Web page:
There is a wide variety of material that your examiner can discuss with you. And that’s probably the first thing to remember. Although he will expect you to come up with the answers, your oral exam is a dialog, not a monologue. The two of you will discuss flying issues and the questions will naturally appear as part of the conversation. He will probably even give you a little prompting here and there if he senses that you know the material but can’t quite get it out in the verbiage he’s looking for. In some cases, he may even let you look up the answer – if you indicate to him that you know where to look.

    Your examiner will be looking at the big picture. He’s not going to fail you just because you didn’t know one or two answers. His job is to ascertain that you have a good enough grasp of the required aeronautical knowledge to leave him as a safe, conscientious, and adequately skilled pilot. He understands that your pilot certificate is truly a “license to learn.” He needs to know that you have a knowledge base sufficient to fly and learn on.

    Go into your oral exam with a friendly smile. Not only does that mark you as a confident pilot, but it will also help you to manage your own stress level. Look clean and sharp just like you would for a job interview. Have all your materials and documents separated out

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    in a file folder so you don’t have to dig for them. Use the Practical Test Checklist at the end of this book to confirm that you have everything. Try to wear a shirt with a pocket to store a pencil, ballpoint pen, and a folded sheet of fresh paper. Maybe even a small electronic calculator. Bring your FAR/AIM with tabs in it pointing to key sections of Parts 61 and 91. And absolutely make sure that all of your publications and charts are current. Many examiners will fail a candidate on the spot for appearing with expired charts.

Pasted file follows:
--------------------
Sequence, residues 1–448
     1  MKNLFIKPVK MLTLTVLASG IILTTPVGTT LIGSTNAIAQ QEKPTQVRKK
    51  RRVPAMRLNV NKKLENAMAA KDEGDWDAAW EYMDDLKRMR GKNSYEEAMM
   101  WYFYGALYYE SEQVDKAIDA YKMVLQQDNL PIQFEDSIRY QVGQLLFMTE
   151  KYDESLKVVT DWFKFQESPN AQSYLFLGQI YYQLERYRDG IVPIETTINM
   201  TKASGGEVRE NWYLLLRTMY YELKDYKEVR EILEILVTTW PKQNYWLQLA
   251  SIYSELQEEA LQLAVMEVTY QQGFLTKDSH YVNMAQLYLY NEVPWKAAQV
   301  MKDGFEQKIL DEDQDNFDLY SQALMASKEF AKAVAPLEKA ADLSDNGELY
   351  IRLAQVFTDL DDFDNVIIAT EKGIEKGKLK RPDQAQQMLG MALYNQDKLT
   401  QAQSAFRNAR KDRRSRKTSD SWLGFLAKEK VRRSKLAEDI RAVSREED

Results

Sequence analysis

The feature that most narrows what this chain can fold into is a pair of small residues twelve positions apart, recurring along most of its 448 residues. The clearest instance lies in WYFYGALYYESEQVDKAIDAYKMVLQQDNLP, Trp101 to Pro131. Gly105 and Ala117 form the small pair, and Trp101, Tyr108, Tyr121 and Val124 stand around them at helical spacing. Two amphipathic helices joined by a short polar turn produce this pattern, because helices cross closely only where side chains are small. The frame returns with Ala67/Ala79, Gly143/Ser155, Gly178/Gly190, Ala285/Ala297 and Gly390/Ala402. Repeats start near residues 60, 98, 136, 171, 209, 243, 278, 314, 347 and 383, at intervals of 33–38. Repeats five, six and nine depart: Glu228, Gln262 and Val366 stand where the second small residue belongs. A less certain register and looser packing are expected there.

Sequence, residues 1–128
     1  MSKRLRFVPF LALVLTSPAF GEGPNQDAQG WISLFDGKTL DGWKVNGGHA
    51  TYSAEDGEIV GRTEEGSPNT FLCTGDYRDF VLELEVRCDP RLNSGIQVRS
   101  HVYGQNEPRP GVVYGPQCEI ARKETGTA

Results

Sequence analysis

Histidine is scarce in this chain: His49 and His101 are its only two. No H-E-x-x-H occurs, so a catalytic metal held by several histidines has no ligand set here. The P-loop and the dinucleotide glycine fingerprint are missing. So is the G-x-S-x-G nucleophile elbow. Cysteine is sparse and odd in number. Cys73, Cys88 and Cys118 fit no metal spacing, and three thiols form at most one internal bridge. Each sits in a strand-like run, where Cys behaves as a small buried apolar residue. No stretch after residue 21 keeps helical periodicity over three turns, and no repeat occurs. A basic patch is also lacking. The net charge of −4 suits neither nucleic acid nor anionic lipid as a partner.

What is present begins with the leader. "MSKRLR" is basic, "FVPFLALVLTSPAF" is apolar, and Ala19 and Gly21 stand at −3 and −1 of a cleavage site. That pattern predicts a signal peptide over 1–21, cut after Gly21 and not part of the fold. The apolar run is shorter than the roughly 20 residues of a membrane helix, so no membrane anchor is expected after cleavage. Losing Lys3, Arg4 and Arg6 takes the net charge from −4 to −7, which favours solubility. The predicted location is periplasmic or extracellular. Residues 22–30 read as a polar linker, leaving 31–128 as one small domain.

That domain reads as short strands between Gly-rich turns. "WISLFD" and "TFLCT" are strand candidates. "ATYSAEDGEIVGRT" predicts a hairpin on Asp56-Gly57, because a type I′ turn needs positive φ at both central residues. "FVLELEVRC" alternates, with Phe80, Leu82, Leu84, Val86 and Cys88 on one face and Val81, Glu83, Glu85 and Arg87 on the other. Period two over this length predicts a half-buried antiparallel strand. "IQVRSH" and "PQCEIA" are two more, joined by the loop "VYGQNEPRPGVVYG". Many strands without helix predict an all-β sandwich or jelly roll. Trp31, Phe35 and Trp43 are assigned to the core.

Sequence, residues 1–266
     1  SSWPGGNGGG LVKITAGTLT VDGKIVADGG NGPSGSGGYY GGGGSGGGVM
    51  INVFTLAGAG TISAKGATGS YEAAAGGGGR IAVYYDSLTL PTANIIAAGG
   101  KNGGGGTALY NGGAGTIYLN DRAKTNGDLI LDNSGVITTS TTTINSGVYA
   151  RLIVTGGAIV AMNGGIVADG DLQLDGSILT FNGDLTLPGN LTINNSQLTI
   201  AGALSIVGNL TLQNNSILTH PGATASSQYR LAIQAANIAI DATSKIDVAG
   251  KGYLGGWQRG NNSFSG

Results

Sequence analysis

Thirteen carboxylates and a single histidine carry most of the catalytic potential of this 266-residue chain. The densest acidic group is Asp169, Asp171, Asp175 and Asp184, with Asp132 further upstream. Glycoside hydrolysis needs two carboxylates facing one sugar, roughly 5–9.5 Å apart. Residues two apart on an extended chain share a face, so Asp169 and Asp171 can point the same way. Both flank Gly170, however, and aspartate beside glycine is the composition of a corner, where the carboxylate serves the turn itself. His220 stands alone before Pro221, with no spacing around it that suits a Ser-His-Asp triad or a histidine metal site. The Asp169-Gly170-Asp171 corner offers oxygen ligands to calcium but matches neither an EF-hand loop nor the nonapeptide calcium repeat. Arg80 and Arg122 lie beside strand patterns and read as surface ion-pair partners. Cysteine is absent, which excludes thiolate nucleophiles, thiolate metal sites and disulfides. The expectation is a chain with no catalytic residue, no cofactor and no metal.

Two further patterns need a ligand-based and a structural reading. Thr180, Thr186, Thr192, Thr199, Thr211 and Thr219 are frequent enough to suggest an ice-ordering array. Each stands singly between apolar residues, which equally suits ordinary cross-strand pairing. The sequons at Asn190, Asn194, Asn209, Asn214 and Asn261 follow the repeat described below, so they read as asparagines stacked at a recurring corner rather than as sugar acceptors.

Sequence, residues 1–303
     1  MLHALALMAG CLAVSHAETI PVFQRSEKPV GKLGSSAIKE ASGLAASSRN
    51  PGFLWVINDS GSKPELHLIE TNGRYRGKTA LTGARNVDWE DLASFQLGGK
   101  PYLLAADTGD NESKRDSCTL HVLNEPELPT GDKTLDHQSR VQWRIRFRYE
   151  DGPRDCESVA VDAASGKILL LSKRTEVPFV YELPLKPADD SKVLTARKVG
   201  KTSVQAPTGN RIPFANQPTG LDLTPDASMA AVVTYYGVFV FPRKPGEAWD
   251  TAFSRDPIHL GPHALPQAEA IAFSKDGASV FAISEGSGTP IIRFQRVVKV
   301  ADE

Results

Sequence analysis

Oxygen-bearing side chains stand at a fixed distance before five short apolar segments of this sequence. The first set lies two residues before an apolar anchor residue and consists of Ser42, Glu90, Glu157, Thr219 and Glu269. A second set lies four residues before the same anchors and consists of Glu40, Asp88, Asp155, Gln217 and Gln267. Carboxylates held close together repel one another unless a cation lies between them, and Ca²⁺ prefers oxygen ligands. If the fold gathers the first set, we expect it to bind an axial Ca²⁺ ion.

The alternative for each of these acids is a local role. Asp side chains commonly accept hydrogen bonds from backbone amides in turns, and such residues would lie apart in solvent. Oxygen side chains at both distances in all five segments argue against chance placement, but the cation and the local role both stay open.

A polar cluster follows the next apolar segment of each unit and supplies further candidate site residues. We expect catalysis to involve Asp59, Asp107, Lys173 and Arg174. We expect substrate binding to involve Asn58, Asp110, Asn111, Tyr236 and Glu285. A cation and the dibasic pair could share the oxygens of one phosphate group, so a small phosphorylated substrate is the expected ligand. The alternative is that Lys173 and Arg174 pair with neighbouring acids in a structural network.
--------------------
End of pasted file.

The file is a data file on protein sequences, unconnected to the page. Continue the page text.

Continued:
Everything that may be covered in your oral exam is important. None of it is just something to regurgitate for the test. As a certificated pilot, it will remain knowledge that is important to you for as long as you fly. The Practical Test is conducted as defined in the Airman Certification Standards.

    Copyright 2016 by Atlanta Flight, Inc. All Rights Reserved.

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    VFR Requirements

    Required Documents

    Your oral exam will most likely start with a review of the paperwork that you need to fly. Hopefully, your instructor has drilled AROW into you from day one. I’m sure you remember what it stands for: A-R-O-W

    (A) Airworthiness certificate, (R) the registration, (O) operating handbook, and (W) weight and balance data.

    These are the documents that must be in an airplane before you may fly it. Airworthiness, registration, operating handbook, weight and balance

    What documents are you, as a pilot, required to have with you? A logbook was required when you were a student pilot, but it is not required to be in the airplane with you once you become a private pilot. You do need to keep one to show currency, but are not required to carry it with you.

    You must have either on your person or available in the airplane:

    (1) your valid pilot certificate, (2) your valid medical certificate, and (3) a picture ID.